Sly Bailey

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Sylvia Bailey
Born Sylvia Grice
(1962-01-24) 24 January 1962 (age 56)
Nationality British
Occupation Chief Executive (former)
Spouse(s) Peter Bailey

Sylvia Bailey, née Grice (born 24 January 1962), is a former chief executive of Trinity Mirror, the UK's largest newspaper publisher, and a non-executive director of EMI from 2004 to 2007.[1] She was named as one of the "50 Most Powerful Women in Britain" by Management Today and as one of Britain’s most influential women by the Daily Mail. She was also named as one of the top 20 most influential figures in media by MediaGuardian and as one of the top 50 most powerful businesswomen outside the United States by Fortune. She left Trinity Mirror, six months earlier than planned, in June 2012.[2]

Early life[edit]

Her father was a freelance financial journalist.[3] She was educated at St Saviour's and St Olave's Grammar School for Girls, in Southwark, south-east London. In 1978 she briefly attended the Italia Conti Academy of Theatre Arts.[4]


Bailey began her career as a make-up artist for Revlon. In 1984 she joined The Guardian newspaper working in advertising sales. Bailey became advertising manager at The Independent newspaper in 1987.[4]

Trinity Mirror[edit]

Bailey joined Trinity Mirror as chief executive in February 2003.[5]

On 30 June 2008, Trinity Mirror issued a trading statement forecasting a 10% reduction in anticipated profits, leading to a collapse in the share price to a low of 73.5p, compared to its 12-month high of 557.5p.[6]

The Independent's media columnist Stephen Glover pointed out that the company's market value had slumped from £1.5 bn to £250m, and commented: "... it is difficult to see how Sly Bailey, Trinity Mirror's preposterously well-rewarded chief executive, can remain much longer in her job . . . "[7]

In July 2011 Bailey launched an investigation into editorial controls and procedures at Mirror Group newspapers following allegations of phone hacking.[8] In October 2011, Bailey became the first serving media proprietor to appear at the Leveson Inquiry into phone hacking.[9]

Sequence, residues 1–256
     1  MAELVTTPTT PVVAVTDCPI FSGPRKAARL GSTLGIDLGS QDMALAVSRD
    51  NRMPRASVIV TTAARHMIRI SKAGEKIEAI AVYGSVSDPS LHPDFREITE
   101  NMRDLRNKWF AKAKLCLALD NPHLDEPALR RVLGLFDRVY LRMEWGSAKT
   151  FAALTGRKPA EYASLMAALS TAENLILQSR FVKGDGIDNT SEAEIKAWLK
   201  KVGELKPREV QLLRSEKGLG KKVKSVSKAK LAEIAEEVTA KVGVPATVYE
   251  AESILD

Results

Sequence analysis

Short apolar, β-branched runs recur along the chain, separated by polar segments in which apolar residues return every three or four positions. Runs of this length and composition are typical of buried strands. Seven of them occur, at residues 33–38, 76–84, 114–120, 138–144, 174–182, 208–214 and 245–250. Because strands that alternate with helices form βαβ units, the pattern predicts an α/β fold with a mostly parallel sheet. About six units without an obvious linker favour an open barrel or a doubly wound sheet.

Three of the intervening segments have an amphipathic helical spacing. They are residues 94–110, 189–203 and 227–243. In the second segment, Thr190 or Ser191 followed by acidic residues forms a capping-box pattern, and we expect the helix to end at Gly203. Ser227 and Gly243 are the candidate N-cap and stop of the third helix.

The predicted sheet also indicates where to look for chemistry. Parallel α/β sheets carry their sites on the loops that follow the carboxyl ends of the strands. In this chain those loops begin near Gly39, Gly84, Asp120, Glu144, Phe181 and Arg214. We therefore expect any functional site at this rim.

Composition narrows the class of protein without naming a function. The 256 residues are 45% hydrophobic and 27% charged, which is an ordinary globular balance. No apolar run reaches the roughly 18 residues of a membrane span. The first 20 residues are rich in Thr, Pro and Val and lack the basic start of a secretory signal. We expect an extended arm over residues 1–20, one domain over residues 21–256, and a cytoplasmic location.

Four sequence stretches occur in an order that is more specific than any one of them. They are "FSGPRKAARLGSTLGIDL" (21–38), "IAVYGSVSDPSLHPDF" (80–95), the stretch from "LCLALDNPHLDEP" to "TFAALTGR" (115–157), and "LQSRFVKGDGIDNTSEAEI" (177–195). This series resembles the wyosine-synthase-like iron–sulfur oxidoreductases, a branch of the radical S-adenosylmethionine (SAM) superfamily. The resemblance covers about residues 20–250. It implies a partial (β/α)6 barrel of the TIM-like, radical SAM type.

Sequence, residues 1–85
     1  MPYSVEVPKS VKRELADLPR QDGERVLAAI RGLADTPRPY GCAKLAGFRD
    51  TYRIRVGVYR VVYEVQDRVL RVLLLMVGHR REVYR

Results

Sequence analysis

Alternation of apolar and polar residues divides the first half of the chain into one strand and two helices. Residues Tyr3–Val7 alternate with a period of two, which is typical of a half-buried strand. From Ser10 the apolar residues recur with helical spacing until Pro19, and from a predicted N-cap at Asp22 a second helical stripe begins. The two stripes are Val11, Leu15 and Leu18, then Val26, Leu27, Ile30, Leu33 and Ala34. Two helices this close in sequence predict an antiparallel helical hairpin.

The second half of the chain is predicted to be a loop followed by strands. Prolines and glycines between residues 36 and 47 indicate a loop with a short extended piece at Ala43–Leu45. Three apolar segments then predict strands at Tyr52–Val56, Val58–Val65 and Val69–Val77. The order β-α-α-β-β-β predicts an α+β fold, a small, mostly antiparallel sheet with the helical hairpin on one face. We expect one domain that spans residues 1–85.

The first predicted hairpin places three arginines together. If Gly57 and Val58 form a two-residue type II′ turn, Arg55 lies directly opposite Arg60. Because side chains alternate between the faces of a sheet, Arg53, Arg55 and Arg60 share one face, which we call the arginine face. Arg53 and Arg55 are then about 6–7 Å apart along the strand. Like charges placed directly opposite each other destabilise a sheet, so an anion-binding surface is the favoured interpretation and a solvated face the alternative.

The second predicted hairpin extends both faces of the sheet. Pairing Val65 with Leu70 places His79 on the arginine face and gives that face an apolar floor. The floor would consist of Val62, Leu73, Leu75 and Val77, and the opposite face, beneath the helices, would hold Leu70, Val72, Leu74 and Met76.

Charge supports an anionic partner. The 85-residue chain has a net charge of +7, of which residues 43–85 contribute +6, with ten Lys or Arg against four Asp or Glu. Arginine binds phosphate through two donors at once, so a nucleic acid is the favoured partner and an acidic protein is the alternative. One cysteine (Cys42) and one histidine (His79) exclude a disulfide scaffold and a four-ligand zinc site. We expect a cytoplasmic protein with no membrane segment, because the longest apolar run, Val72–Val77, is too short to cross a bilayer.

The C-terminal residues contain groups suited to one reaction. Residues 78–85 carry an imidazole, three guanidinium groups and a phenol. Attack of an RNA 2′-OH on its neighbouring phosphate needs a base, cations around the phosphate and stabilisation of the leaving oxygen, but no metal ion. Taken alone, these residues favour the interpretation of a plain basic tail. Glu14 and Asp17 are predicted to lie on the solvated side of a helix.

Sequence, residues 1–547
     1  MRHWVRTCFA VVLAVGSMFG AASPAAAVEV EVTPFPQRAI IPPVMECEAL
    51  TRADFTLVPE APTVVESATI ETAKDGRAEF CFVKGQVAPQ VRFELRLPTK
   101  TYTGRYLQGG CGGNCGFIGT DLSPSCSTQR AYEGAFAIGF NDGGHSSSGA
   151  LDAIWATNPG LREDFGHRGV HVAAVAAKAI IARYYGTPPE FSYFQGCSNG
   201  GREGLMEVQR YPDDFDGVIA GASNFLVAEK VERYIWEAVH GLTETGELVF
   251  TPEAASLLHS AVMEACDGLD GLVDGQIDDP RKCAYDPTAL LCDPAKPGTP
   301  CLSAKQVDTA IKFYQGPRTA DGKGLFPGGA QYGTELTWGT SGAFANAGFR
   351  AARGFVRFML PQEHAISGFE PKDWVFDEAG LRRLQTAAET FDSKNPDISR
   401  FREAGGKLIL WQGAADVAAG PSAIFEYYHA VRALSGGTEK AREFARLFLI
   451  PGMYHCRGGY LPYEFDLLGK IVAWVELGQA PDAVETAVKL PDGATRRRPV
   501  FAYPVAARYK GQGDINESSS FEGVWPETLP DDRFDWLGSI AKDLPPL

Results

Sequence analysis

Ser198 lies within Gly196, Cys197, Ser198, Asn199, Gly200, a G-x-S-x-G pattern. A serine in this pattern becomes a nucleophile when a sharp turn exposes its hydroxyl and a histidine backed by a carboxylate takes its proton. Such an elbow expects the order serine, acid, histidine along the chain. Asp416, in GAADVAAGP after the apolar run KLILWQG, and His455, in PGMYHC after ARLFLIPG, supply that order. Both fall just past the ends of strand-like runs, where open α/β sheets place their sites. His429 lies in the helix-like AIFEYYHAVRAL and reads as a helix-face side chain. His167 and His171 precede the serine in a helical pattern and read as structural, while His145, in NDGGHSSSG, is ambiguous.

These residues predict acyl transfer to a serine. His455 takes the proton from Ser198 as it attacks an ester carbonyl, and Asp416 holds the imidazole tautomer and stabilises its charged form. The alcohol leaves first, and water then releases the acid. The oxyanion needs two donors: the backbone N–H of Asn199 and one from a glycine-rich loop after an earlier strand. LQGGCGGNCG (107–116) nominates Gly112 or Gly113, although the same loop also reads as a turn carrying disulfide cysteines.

Late on 3 May 2012 it was announced that Bailey was to leave her post at Trinity Mirror by the end of the year,[10] but she in fact left in mid June.[2] The General Secretary of the National Union of Journalists, Michelle Stanistreet, said of her at the time: "Finally, Sly Bailey is doing the decent thing and leaving the company she has led into monumental decline."[2] Reportedly, she received a £900,000 payoff.[11]

Other activities[edit]

Sly Bailey has been on the Press Association board since 2003.[1] She was awarded an Honorary Degree from the University of East London in 2005.[12]


  1. ^ a b "Mrs Sly Bailey Authorised Biography[permanent dead link], Debrett's
  2. ^ a b c Mark Sweeney "Sly Bailey to leave Trinity Mirror immediately", The Guardian, 15 June 2012
  3. ^ Trinity Mirror's Sly Bailey in battle for survival | This is Money
  4. ^ a b Luckhurst, Tim (16 April 2006). "Has Sly Bailey finally cracked the 'Mirror'? - Media, News - The Independent". The Independent. London. 
  5. ^ "Sly Bailey - Chief Executive, Trinity Mirror PLC", Society of Editors, Bristol 2008 Conference speakers biography
  6. ^ "Archived copy". Archived from the original on 10 July 2008. Retrieved 10 July 2008. 
  7. ^ "Stephen Glover on The Press - Stephen Glover, Opinion - The Independent". The Independent. London. 7 July 2008. 
  8. ^ "Now Trinity Mirror feels the hacking heat - Business News, Business - The Independent". The Independent. London. 31 July 2011. 
  9. ^ Halliday, Josh (5 October 2011). "Leveson inquiry: Paul Dacre and Kelvin MacKenzie to appear next week". The Guardian. London. 
  10. ^ Josh Halliday and Lisa O'Carroll "Trinity Mirror chief executive Sly Bailey steps down", The Guardian, 3 May 2012
  11. ^ Roy Greenslade & Mark Sweeney "Bailey goes - with a £900,000 payoff", (Greenslade blog), 15 June 2012
  12. ^ "UEL Alumni Newsletter". Archived from the original on 18 February 2011.